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Singapore’s New Rule: Preservation

A shiny green mat, cut from a broad banana leaf, was placed in front of me at the small restaurant in Singapore’s Indian quarter. Then came lunch: a robust curry feast of tantalizing aromas--served without plates or utensils or napkins.

A waiter moved around the table, plopping spoonfuls of white rice in the middle of each leaf. Others dished out mounds of okra, corn, pink prawns, curried mutton and golden tandoori chicken. Stacks of Indian bread came next, and cold mugs of Tiger beer.

The idea is to eat with your fingers, I learned--no chopsticks, no forks, no spoons. Wet hand towels, rolled by each place mat, soon were streaked with saffron.

This was at the Banana Leaf Apolo, an air-conditioned haven where the fiery menu is from the south of India and the specialty is fish-head curry.

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Two large fish heads--crowned with spring onions and swimming in red curry sauce--were served for our table of 10. As I stared at the sharp little teeth, a Singapore native whispered: “The sweetest part is right behind the eye.”

I thanked him for the tip, but concentrated on tandoori and rice.

This gloriously messy meal seemed a playful departure in Singapore, where tidiness is enforced and rules of behavior are strict.

The penalty for littering, for example, is $1,000, although visitors are given warnings. There are fines for jaywalking, smoking, sitting on parapets in train stations and failure to flush public toilets. There are circle-and-slash signs prohibiting motorcycles, loud radios and slingshots. Magazines deemed obscene are not allowed. Penalties for drug possession are horrific.

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The government controls who lives in which blocks of its high-rise housing projects, in an effort, they say, to prevent ghettos. Eighty-seven percent of Singapore’s 2.7 million people live in these apartments.

The government is even involved in romance, having opened a matchmaking bureau aimed at college graduates. The bureau, operated by the social development unit of the ministry of community affairs, is nicknamed SDU, which some young Singaporeans deride as “Single, Dumb and Ugly.” The cost is $50 for the first introduction.

For travelers, strict rules can make life simple. Tipping is prohibited at the airport, and discouraged most other places. Tap water is safe to drink. English is spoken everywhere, one of four official languages, along with Chinese, Malay and Tamil.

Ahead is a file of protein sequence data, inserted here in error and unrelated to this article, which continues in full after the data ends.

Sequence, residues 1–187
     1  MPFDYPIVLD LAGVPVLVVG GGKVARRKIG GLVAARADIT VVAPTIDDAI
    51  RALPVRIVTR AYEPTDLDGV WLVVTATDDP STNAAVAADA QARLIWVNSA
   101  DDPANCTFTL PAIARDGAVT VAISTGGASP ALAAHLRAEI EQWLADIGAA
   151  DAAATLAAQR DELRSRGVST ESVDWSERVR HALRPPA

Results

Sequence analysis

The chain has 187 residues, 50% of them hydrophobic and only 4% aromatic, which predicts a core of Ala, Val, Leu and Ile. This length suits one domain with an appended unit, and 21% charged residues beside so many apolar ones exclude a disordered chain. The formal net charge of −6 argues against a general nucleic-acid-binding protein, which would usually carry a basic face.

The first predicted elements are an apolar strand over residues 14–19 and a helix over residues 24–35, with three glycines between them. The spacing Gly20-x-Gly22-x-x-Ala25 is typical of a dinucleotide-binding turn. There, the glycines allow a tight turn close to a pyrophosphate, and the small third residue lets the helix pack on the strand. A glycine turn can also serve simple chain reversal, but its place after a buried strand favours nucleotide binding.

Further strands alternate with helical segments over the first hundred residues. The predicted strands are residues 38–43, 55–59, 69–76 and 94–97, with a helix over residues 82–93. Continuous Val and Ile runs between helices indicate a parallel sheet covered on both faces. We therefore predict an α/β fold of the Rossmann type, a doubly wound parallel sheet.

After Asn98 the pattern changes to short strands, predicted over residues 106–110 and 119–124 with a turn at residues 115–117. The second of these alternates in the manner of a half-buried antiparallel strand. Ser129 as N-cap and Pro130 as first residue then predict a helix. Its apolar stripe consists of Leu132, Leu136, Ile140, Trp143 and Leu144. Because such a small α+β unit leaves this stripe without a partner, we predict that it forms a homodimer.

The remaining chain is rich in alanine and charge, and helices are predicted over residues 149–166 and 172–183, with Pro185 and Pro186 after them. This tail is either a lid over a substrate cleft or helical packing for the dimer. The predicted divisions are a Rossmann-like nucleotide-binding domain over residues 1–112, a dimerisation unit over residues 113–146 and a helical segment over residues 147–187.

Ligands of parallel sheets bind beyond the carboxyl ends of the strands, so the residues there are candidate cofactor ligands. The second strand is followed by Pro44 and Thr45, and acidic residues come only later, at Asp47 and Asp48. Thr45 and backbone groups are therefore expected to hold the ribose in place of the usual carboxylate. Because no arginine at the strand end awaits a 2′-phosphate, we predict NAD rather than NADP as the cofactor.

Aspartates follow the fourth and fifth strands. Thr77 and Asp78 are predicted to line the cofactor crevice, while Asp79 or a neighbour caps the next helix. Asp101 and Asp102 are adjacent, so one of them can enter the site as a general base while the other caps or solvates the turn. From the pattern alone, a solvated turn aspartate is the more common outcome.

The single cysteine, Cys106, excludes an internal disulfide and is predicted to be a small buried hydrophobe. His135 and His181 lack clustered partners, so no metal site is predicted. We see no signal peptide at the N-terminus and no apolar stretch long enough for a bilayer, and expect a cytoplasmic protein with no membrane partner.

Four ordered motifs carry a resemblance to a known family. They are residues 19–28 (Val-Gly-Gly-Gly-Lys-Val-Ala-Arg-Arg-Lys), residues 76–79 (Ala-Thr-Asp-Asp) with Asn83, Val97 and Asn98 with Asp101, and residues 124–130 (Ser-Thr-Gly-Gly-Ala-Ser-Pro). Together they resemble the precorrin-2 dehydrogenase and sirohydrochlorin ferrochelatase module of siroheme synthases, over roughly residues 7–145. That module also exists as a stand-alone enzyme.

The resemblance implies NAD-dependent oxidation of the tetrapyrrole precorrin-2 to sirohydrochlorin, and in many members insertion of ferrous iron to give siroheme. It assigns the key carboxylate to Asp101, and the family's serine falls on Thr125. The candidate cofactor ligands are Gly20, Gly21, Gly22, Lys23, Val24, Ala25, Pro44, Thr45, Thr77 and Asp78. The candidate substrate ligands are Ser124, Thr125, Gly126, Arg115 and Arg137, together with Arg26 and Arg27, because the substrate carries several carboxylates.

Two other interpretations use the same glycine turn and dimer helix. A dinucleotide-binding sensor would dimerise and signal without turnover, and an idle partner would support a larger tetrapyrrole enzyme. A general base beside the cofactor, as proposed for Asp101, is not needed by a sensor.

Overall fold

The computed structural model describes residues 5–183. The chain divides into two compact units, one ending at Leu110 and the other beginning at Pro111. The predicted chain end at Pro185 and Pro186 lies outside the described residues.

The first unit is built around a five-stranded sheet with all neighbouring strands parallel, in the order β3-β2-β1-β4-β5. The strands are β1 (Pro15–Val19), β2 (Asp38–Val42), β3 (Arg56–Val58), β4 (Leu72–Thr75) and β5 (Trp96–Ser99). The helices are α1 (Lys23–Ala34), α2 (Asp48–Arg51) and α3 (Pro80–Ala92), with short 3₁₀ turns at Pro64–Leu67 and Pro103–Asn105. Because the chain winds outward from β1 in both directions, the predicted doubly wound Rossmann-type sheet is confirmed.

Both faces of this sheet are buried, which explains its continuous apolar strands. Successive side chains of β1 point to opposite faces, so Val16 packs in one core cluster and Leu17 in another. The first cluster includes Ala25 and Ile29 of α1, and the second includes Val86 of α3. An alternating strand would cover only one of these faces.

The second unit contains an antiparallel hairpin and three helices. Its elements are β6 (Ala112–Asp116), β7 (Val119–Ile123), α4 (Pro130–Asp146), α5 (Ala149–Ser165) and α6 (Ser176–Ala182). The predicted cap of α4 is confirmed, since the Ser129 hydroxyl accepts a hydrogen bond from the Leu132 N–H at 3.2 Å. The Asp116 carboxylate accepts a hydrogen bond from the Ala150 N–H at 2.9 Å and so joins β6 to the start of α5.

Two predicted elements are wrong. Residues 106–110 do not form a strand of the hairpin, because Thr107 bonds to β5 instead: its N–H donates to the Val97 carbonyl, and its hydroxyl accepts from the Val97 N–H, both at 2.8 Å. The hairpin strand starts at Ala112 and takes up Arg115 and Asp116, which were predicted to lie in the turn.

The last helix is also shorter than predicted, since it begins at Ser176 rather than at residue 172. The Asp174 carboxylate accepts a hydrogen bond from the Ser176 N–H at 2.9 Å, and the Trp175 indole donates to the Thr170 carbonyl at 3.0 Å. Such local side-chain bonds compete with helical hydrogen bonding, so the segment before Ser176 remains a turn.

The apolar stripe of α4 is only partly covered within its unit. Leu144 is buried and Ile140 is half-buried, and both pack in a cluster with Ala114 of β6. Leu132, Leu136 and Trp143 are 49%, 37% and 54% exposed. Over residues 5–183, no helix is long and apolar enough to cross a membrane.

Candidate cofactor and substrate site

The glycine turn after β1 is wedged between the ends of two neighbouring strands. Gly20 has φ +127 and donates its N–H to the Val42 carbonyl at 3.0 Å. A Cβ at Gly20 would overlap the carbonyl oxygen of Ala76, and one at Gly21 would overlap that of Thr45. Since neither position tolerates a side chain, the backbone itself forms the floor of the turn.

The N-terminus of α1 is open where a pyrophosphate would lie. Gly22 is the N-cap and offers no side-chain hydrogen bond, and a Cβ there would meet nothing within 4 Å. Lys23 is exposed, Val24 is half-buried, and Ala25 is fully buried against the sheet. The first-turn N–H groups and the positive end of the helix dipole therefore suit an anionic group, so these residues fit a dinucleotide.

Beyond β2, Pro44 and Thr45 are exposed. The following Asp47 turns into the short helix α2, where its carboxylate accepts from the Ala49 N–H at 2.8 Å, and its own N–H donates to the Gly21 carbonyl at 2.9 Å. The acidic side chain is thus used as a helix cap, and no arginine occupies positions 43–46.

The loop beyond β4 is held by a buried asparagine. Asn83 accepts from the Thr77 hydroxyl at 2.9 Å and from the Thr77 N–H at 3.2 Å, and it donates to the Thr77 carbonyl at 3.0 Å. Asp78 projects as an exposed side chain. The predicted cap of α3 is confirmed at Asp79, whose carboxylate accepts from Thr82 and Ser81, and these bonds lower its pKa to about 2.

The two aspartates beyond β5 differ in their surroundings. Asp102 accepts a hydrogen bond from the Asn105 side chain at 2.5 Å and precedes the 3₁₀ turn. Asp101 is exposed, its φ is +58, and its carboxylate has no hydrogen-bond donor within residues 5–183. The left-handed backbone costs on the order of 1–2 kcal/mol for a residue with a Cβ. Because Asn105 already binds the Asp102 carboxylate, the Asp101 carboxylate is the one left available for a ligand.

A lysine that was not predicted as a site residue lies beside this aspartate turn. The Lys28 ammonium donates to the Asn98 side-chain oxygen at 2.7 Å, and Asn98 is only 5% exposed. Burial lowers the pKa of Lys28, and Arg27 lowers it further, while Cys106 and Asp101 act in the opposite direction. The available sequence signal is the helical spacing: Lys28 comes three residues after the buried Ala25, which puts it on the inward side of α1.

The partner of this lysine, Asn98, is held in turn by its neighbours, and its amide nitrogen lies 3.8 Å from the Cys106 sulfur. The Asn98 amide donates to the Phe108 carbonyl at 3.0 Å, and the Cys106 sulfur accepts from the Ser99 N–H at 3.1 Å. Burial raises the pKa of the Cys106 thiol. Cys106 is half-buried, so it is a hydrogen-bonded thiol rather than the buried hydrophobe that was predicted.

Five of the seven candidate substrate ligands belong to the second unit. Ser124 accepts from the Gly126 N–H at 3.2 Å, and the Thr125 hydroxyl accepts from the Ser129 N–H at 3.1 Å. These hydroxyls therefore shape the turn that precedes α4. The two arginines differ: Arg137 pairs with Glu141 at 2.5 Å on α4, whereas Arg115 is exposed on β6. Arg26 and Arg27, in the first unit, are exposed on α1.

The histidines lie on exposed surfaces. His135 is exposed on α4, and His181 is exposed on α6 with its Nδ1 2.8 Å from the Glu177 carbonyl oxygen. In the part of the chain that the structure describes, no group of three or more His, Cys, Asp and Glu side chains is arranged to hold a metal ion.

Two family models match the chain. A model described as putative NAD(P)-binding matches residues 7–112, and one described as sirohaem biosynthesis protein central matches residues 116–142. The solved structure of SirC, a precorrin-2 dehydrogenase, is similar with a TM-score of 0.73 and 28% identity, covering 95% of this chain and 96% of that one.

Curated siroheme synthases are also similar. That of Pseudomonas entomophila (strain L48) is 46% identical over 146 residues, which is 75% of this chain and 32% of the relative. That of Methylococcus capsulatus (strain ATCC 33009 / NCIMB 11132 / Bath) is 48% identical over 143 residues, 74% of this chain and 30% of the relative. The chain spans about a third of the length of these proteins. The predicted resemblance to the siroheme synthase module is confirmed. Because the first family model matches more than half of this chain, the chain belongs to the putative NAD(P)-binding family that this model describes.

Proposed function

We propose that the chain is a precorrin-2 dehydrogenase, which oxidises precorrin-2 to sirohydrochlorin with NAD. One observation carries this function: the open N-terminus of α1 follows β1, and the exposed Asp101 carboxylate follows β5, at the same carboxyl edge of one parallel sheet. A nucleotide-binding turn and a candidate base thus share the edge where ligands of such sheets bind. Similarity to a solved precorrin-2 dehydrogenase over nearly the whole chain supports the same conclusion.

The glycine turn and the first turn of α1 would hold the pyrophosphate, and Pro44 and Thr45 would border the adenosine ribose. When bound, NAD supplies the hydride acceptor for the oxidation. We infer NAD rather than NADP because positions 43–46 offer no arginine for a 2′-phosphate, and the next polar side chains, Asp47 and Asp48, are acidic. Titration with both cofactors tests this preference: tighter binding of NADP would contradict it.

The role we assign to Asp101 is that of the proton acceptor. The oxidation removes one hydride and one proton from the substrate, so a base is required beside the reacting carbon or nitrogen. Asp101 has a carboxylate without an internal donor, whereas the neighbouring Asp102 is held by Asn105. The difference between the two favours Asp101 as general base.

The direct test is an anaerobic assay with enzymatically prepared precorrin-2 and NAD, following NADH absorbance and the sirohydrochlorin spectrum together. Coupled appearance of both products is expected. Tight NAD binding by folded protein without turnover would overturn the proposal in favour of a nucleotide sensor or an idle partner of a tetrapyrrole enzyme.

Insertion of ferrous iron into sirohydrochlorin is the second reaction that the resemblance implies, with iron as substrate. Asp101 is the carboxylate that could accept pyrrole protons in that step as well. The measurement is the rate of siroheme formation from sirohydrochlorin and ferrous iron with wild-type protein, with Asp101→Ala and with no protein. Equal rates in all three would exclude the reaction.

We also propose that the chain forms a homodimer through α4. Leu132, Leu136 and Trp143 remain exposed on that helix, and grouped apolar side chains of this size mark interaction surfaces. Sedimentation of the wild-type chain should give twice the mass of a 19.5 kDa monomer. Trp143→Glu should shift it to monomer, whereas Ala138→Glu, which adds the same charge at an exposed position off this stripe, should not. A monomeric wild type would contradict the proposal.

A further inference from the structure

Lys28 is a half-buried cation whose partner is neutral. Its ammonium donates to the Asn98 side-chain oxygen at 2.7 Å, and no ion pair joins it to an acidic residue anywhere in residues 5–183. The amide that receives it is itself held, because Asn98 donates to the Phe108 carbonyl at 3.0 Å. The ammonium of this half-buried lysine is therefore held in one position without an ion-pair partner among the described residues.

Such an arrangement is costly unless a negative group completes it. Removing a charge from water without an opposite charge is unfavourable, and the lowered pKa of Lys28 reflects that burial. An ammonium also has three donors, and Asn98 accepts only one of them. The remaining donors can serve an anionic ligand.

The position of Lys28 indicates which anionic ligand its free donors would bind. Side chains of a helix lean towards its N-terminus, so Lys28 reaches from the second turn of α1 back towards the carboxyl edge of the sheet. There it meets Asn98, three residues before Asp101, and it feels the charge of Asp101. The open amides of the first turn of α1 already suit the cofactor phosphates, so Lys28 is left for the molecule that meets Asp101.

Beautification efforts are apparent throughout the island-nation. Sky-blue garbage trucks, marked “Ministry of the Environment,” roll down the high-fashion boulevard of Orchard Road and reflect in the windows of lavish boutiques and electronics showrooms whose prices vie with Hong Kong’s. Palms and arching shade trees have been planted with a vengeance and pruned to perfection. Tropical showers keep the city fragrant and green.

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The seaside Changi Airport--at the end of a landscaped highway--is amazingly artful, clean and efficient. The elapsed time from landing to hotel door beats any I’ve seen, which is welcome in this muggy climate, just one degree north of the Equator.

For 25 years, Singapore has been run like a booming corporation, hell-bent on construction and success. But in 1988, the realization hit: Tourists would not travel around the world merely to see modern skyscrapers. Singapore began investing heavily in preservation of its remaining historic neighborhoods.

Restoration programs are pursued as aggressively as any other government dictate. Suddenly, conserving the architectural heritage of old Singapore is serious business.

In Chinatown, the Malay neighborhoods and the Arab quarter, hundreds of tile-roofed, two- and three-story shop houses (shops below, living quarters above) have been shored up and freshly painted, often in cool pastels.

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British colonial bungalows, with their sweeping porches and ceiling fans, have become national treasures. The best-known of Singapore’s institutions--the 1880s Raffles Hotel--reopened in September after major restoration and reconstruction.

Another shining example of preservation is Emerald Hill, a collection of turn-of-the-century terrace houses where European and Asian influences blend into something Singaporean, with Doric columns, French windows, tropical louvered doors, and gates carved with lion dancers.

Yet with all the laws and order, Singaporeans seem notably tolerant. Golden mosques and synagogues share neighborhoods. Elaborate Buddhist shrines rise near fanciful Hindu temples. The stolid Armenian Church (1835) is near St. Andrew’s Cathedral (1862).

And in Little India, just down the street from the Banana Leaf Apolo cafe, you’ll find the Foochow Methodist Church.

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